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How much does cbt therapy cost

The National Average Cost of Therapy

As of 2018, the median cost of therapy for a 50 minute session ranged from $100 to $200 with an average of $130. This varies widely, depending on the city and state where you are seeking therapy. For example, in 2018 the median cost of therapy in Florida was $125 per session while the median cost in the Miami area specifically was $200 per session. In New York, the median cost of therapy per session is $125 while in New York City the price per session is typically between $200 and $300.8 In general, online therapy providers will be more affordable than in-person options.

The most affordable therapy options may cost between $40 and $80 per session. Many community mental health clinics offer low fee sessions. Agencies that employ graduate students or therapists working towards finishing their licensing requirements may also offer sessions at a lower rate. And some therapists reserve some amount of their schedule to offer sliding scale fees to clients in need.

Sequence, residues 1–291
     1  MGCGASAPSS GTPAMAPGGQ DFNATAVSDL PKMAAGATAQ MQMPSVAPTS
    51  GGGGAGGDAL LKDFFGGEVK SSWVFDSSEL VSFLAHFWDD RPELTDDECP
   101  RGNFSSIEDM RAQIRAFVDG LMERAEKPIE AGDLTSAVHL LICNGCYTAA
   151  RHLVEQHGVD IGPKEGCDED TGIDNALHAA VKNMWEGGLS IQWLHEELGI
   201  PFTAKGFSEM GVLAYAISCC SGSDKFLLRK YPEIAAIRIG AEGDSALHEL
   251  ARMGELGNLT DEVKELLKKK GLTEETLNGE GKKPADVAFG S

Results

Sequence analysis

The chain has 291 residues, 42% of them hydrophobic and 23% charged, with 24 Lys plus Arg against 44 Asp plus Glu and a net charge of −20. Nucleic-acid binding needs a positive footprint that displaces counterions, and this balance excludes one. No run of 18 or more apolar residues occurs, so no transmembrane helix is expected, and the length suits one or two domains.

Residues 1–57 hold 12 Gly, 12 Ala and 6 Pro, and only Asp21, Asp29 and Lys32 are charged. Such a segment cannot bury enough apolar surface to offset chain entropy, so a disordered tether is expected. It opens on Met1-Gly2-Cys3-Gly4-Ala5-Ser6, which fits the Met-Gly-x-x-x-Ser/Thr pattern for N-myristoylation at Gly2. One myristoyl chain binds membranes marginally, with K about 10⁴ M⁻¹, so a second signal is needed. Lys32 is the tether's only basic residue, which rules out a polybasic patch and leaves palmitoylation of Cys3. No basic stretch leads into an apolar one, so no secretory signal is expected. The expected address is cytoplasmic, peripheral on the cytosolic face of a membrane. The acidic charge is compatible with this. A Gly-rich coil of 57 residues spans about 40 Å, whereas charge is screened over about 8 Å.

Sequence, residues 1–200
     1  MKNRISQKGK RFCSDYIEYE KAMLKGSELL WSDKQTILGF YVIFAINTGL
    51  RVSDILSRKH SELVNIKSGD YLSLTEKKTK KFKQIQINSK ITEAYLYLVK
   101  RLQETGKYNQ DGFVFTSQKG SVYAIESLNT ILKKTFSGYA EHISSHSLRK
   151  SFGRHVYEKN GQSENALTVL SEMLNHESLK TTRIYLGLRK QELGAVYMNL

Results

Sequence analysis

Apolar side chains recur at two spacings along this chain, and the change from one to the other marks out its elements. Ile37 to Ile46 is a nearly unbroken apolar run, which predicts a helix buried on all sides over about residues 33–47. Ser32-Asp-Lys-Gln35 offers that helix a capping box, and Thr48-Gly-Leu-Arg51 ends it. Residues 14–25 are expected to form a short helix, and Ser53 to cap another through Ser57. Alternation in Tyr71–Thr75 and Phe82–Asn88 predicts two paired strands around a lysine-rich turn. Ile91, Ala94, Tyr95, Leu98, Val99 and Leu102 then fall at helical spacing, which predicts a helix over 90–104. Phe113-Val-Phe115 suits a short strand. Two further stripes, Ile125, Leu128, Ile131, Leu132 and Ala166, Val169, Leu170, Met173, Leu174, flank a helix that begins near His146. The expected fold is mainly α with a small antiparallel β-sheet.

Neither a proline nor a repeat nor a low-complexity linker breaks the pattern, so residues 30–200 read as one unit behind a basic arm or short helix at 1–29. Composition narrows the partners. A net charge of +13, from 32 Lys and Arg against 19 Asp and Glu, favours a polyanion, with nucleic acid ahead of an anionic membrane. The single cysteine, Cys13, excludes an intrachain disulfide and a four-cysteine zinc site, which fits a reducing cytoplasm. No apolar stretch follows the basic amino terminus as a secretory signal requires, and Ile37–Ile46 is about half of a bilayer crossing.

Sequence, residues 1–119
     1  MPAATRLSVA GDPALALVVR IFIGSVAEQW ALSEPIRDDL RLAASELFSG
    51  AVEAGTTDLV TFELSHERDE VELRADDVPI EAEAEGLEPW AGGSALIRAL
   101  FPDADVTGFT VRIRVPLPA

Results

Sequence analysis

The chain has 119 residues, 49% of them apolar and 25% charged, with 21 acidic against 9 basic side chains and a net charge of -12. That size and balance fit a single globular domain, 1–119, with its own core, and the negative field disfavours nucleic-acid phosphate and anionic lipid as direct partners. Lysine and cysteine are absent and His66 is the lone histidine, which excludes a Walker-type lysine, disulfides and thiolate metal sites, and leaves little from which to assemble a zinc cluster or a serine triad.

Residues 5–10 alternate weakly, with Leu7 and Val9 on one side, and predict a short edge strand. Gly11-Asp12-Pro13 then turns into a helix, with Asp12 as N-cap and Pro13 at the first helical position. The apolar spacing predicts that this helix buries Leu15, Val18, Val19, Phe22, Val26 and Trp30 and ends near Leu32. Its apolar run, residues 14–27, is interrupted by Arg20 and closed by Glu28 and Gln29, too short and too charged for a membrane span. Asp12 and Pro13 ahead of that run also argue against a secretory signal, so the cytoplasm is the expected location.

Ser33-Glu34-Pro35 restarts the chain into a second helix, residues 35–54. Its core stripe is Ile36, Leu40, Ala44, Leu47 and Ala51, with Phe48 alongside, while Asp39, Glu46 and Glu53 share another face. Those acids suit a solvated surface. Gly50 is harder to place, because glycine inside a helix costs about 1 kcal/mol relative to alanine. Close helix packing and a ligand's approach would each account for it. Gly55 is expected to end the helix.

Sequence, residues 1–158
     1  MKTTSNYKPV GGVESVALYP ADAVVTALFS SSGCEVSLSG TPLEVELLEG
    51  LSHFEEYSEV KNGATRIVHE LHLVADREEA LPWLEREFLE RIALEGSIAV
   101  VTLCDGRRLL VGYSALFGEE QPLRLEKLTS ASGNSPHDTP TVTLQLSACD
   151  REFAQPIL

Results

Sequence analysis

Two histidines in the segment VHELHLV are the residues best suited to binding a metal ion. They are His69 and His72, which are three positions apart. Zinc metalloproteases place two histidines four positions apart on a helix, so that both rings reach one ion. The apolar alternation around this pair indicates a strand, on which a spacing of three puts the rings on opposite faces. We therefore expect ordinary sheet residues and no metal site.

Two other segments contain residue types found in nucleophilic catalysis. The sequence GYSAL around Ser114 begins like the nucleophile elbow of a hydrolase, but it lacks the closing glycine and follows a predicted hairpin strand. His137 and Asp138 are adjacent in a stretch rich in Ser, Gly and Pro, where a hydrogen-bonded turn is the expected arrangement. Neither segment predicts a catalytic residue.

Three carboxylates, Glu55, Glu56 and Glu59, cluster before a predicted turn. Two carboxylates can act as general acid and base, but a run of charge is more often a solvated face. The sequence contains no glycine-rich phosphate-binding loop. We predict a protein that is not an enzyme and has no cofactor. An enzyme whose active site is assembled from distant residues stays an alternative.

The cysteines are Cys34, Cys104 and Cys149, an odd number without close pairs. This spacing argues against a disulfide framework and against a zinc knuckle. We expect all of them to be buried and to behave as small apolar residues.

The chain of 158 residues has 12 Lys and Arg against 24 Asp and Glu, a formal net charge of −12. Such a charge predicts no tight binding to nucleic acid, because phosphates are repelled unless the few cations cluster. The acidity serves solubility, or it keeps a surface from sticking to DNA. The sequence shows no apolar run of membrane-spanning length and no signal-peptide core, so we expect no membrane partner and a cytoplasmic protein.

On the higher end, sessions can cost anywhere from $200 and up. Therapists who charge these rates are typically found in private or group practices and are often licensed psychologists (holding a PsyD or PhD) or have advanced training.

Why Is Therapy So Expensive?

While $130 may seem like a lot of money to spend for 50 minutes of someone’s time, the session fee actually has to cover a lot more than just those 50 minutes. In addition to the session itself, therapists spend time preparing for each session, writing and updating treatment plans and progress notes, and taking care of business and case management issues as they arise (i.e. scheduling, coordinating with your other providers).

Because of all the work that therapists do outside of sessions, very few see 40 clients a week. More commonly, therapists will see around 20 clients a week, leaving 20 other hours in the standard 40 hour work week for the tasks listed above. Additionally, therapists have to make time for continuing education, consultation and supervision, and business tasks to keep their practice running smoothly.

The fee you pay for therapy has to cover even more than just the time your therapist spends on you. Therapists have to pay yearly licensing fees and malpractice insurance fees. Monthly, therapists pay for their office rent, the cost of an electronic health record system or paper record supplies, and online directory profile fees.